He also shares a love for his family, particularly his mother— another quality Brown shared with his character. “I want this on the record—Randall is Rebecca Pearson’s favorite son, hands down! I don’t care [who] was given power of attorney,” he says. “I don’t care who built the house. … I just know. The same way [my real-life mother] Arlene Brown doesn’t have to tell me [that I’m the favorite], I know.” Also similar to Randall, Brown’s father passed away early in life. “Randall was a little bit older than I was,” Brown says, “but that loss from an early age and how that loss can define you, that’s something that we had [in common].”
But with all these similarities, Brown’s biggest takeaway from This Is Us, in addition to the people’s lives he touches through the show, was the family that was born out of it. “The text thread is still on and poppin’!” he says of his Pearson family co-stars. “These people have been a part of my life for the past six years, it’s not just gonna suddenly stop. I text Sue [his on-screen wife, Susan Kelechi Watson] all the time. I text Justin [Hartley] all the time.” Brown hopes that a 10-year reunion will happen or, he jokes, “We’ll do the E! True Hollywood Story in about 15 years for all the juicy juice!”
An Ivy League grad, Brown attended NYU and Stanford University, but first discovered his love for acting in high school. After wanting to be a professional athlete and then a businessman, he discovered the joy and fulfillment he got from acting. “There’s something about when you feel yourself drop into what it would really be like to live somebody else’s life that I found very rewarding as a spiritualist because you can’t play someone and judge them at the same time,” he shares. “And I think for me, in terms of my own spiritual evolution, it is to love without limits. Anytime I find myself having limitations or close-mindedness toward any individual or group of people when I get a chance to play that part, you have to love them, and you get a chance to release that judgment.”
When first getting into acting, an August Wilson play, Joe Turner’s Come and Gone, is what made Brown feel at home. For the first time, Brown felt like he was playing someone who felt familiar to him. He described his experience when the August Wilson play came along as: “I finally had this feeling of, ‘Oh, this is what it feels like to be home’,” he says.
Brown continued to explore this feeling of homecoming. He continued to audition and his grades would also improve. “The focus shifted from making money to doing what lights me up on the inside,” he says. Yet changing his major to drama and sticking to acting was a tough decision for the practical Brown, who wanted to give back to his family, particularly his mother who paid for his private school education. “But I try to say this as soberly as possible,” he shares. “I knew I had an ability for it and a proclivity for it.”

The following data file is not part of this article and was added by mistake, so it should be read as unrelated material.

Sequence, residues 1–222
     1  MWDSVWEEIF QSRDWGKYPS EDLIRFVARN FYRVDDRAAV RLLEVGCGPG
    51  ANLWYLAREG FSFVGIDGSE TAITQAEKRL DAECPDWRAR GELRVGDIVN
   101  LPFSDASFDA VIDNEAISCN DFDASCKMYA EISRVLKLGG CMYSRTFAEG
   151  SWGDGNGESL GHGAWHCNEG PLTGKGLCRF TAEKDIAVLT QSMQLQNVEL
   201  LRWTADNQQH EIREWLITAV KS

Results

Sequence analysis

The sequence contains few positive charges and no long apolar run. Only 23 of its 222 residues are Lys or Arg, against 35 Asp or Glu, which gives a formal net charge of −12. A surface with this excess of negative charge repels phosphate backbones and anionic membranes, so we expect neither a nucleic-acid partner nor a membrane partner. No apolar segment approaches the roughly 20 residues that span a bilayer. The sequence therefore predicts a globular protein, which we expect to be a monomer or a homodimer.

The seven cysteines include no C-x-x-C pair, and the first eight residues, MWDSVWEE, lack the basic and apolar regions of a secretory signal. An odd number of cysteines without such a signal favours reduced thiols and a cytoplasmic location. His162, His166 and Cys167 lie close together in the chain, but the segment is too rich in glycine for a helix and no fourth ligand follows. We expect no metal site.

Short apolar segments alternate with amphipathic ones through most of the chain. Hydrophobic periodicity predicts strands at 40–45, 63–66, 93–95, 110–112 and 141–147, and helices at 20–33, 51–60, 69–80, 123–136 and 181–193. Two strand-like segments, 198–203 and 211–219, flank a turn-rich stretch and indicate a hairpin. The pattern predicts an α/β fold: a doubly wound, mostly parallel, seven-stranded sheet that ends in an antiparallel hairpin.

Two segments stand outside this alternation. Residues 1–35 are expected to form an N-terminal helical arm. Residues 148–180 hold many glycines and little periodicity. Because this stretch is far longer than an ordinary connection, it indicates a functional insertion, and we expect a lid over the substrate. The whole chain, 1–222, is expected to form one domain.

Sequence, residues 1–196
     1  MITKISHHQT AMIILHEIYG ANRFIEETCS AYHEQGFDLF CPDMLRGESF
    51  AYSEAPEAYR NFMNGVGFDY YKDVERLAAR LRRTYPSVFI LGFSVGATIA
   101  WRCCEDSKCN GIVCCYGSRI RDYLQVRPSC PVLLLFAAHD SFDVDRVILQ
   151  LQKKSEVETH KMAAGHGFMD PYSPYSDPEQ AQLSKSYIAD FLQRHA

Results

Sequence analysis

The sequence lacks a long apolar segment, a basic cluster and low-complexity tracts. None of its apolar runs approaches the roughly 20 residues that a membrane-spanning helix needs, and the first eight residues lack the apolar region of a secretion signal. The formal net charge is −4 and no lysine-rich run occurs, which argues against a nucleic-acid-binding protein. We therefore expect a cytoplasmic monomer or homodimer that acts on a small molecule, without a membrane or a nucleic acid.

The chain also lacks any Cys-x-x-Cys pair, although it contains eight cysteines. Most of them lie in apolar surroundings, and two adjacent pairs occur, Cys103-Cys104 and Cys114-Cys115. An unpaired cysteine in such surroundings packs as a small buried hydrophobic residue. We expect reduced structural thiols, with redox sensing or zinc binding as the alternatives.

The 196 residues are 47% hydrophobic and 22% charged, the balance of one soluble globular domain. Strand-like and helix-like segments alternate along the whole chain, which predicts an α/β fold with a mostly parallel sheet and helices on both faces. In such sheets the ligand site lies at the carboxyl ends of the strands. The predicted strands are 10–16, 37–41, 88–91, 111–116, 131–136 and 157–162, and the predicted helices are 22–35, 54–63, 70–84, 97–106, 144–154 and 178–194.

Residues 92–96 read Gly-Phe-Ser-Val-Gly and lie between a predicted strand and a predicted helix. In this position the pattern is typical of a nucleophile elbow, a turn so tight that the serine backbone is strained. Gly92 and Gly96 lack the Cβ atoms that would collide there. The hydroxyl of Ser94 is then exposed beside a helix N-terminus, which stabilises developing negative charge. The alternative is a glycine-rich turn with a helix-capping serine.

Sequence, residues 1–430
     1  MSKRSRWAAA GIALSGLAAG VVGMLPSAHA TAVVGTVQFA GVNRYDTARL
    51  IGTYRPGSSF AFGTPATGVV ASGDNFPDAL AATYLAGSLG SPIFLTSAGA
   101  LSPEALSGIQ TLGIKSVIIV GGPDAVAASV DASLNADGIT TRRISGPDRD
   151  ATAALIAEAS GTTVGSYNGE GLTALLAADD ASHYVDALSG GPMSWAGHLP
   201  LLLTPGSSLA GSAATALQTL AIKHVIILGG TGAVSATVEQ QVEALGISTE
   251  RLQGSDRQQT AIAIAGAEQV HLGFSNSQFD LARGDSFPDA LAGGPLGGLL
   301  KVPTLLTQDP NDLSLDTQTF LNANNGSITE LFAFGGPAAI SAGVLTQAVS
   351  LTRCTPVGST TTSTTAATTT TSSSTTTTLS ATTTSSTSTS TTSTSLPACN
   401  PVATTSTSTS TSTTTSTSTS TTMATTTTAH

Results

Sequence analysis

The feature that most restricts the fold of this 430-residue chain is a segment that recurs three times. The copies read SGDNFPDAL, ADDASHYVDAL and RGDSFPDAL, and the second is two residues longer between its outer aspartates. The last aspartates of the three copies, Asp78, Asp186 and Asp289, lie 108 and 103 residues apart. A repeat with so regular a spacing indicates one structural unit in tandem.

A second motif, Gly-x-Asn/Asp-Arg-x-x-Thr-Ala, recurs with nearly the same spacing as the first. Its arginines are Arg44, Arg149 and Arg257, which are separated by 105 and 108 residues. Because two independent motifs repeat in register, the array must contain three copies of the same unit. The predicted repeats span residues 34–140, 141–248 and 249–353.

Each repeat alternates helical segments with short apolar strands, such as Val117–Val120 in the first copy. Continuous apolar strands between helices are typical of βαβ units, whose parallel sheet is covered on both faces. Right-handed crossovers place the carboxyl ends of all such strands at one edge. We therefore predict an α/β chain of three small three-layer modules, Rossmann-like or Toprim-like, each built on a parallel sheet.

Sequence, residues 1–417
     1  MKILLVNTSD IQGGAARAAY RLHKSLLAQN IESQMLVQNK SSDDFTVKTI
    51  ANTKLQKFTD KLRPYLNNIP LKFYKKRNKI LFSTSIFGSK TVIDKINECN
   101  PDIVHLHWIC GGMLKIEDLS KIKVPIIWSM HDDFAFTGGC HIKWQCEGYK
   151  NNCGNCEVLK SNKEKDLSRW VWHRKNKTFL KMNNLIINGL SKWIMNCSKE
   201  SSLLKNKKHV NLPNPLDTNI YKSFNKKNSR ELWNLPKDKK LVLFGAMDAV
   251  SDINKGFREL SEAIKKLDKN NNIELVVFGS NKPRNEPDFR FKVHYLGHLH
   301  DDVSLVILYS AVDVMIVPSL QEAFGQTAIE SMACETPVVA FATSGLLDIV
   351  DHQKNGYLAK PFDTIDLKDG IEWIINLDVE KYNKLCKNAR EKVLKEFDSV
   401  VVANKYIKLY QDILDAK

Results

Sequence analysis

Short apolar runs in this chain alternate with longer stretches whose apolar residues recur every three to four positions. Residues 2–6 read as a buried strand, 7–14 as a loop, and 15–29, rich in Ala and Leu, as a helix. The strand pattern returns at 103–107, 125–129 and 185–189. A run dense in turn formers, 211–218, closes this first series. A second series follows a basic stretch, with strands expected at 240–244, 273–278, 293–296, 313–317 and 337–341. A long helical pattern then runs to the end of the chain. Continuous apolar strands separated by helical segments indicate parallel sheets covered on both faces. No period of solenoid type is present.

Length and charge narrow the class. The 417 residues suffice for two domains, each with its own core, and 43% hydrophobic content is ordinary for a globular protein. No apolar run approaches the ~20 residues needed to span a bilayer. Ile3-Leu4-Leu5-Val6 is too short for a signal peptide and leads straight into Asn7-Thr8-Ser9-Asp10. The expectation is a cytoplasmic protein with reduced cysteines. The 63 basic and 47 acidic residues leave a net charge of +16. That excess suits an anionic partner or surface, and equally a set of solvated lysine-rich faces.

The actor credits his mother for encouraging and supporting her son to follow his passion. Today, Brown’s passion has led him to establish his own production company, Indian Meadows, which seeks to champion diverse stories and inclusive projects.
“I was talking to somebody the other day about when do you stop fighting for equality and what is the basis for when it’s actually been attained. … It’s when people of color, disenfranchised individuals have the opportunity to make bad things that no one watches and then they get a chance to do them again,” he says of the progress made but the need to do more. “So, yes, things have gotten better, but they’re still, like, well, can we open a movie overseas with a person of color, then Black Panther happens and it’s like, oh, shit! Now the question is, like, can you do it with an IP that’s not as well known? So I think that there have been tremendous strides,” he says. “Hollywood realized that diverse stories are commercially viable.”
Under Indian Meadows, Brown has Honk for Jesus. Save Your Soul. as well as their first project greenlit by Hulu. Currently in production, Washington Black is set globally and points to the universality of the African experience. “For a long time, folks had this idea that white people would not be able to see themselves in the stories of people of color… but that fear that we’ve had is unfounded,” he says. “We just need to tell good stories.”
Brown enjoys that he gets a chance to champion new talent through his production company. “The production company for me is an opportunity to further create opportunities for people who look like me or do not have easy access into this business,” he says.
Next up, Brown stars in a sci-fi film, Biosphere, alongside Mark Duplass, and The Defender, an in-development film at Searchlight about a real-life African American attorney in the early 1900s. He will also lead in Amazon Studios’ Coyote Blue written by John Wick creator Derek Kostad. And he’s teamed up with Randall Park for an Amazon Studios action-comedy that the two will produce under their own respective banners, Indian Meadows and Imminent Collision.
“There’s something in seeing yourself in other people,” he says. “And then there’s something in just learning about a culture that is foreign to you—that is exciting for people.”
As for how to make the industry more diverse and inclusive, Brown says, “We just got to keep pushing.”